2. In September 1931, Lewis became a Christian. While this event predated the Inklings, it dramatically affected his later discussions with his friends.
3. In 1933, Lewis and his circle of friends formed The Inklings. Lewis had been meeting Barfield and Tolkien individually since the 1920s. They transferred the group’s name from a disbanded group previously run by a fellow Oxford undergrad.
4. In 1936, Lewis met Williams after learning they liked each other’s books. Lewis had recently finished reading Williams’ novel The Place of the Lion, and Williams edited Lewis’ book Allegory of Love (dedicated to Barfield) when Oxford University Press published it.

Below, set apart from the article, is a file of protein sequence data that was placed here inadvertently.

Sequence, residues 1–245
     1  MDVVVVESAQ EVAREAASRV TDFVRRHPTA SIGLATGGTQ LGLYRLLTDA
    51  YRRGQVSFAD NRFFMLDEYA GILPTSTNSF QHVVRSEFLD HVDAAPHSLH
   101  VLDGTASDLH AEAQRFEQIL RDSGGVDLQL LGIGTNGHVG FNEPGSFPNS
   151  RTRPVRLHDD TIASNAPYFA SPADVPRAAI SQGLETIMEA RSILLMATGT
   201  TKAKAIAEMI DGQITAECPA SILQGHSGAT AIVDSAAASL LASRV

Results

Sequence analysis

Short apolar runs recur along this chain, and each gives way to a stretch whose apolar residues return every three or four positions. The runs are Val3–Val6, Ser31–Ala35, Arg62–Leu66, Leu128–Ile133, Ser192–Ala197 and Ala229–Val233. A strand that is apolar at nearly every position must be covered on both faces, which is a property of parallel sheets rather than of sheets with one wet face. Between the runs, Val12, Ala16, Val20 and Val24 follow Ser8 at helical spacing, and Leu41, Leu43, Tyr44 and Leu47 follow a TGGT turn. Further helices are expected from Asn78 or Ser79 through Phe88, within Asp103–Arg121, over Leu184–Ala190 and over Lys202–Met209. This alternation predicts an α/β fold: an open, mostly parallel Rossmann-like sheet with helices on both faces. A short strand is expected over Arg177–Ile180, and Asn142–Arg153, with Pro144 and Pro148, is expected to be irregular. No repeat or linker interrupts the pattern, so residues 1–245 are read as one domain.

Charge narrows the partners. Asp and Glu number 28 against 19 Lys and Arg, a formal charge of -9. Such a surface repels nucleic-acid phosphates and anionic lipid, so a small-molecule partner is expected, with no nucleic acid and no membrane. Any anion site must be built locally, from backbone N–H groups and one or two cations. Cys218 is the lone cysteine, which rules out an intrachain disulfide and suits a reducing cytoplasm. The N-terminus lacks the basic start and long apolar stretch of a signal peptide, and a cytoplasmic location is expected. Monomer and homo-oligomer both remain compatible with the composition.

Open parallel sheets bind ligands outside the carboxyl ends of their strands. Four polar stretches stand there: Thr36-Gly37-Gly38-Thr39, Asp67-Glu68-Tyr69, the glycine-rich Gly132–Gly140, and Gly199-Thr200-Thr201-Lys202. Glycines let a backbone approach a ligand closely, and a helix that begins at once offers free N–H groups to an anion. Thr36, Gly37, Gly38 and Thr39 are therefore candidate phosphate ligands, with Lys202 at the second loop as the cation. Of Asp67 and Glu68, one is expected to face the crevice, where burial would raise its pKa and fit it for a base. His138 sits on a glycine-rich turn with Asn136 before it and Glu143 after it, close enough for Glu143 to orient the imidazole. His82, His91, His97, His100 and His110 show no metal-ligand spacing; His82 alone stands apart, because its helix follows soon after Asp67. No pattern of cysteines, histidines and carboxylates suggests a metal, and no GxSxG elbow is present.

5. In 1937, Tolkien’s The Hobbit was published.
6. In 1939, World War II began. Two of Tolkien’s sons served. The London bombings caused Oxford University Press to move offices to Oxford. As a result, Williams moved to Oxford and began regularly attending Inklings meetings.
7. In August 1941, Lewis started a BBC radio series titled Right or Wrong: A Clue to the Meaning of the Universe. Lewis presented more radio talks through 1944, likely presenting the ideas to the Inklings beforehand. These talks eventually became Lewis’ famous book Mere Christianity.
8. In May 1945, weeks before World War II ended, Williams died. Lewis deeply missed him, and some believe Williams' death was the beginning of the end for Inklings meetings.
9. In 1949, Tolkien completed The Lord of the Rings (published 1954-1955).